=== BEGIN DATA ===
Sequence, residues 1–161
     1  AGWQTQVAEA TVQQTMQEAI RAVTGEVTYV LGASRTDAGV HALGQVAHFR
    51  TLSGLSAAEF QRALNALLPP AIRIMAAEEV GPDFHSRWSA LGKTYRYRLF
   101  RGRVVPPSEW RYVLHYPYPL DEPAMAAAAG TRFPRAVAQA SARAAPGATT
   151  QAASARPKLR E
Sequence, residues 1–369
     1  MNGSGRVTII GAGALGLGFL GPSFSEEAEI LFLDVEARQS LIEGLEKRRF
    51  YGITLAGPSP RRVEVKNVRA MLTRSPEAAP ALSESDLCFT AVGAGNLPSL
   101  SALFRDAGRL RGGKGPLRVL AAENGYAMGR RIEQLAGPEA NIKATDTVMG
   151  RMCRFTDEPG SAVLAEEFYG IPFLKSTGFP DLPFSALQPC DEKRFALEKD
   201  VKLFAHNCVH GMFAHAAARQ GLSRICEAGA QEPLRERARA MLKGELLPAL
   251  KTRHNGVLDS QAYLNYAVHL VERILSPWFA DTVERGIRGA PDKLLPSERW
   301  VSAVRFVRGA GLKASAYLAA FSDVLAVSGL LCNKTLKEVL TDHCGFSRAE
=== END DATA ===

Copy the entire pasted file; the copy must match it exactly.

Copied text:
Sequence, residues 1–161
     1  AGWQTQVAEA TVQQTMQEAI RAVTGEVTYV LGASRTDAGV HALGQVAHFR
    51  TLSGLSAAEF QRALNALLPP AIRIMAAEEV GPDFHSRWSA LGKTYRYRLF
   101  RGRVVPPSEW RYVLHYPYPL DEPAMAAAAG TRFPRAVAQA SARAAPGATT
   151  QAASARPKLR E
Sequence, residues 1–369
     1  MNGSGRVTII GAGALGLGFL GPSFSEEAEI LFLDVEARQS LIEGLEKRRF
    51  YGITLAGPSP RRVEVKNVRA MLTRSPEAAP ALSESDLCFT AVGAGNLPSL
   101  SALFRDAGRL RGGKGPLRVL AAENGYAMGR RIEQLAGPEA NIKATDTVMG
   151  RMCRFTDEPG SAVLAEEFYG IPFLKSTGFP DLPFSALQPC DEKRFALEKD
   201  VKLFAHNCVH GMFAHAAARQ GLSRICEAGA QEPLRERARA MLKGELLPAL
   251  KTRHNGVLDS QAYLNYAVHL VERILSPWFA DTVERGIRGA PDKLLPSERW
   301  VSAVRFVRGA GLKASAYLAA FSDVLAVSGL LCNKTLKEVL TDHCGFSRAE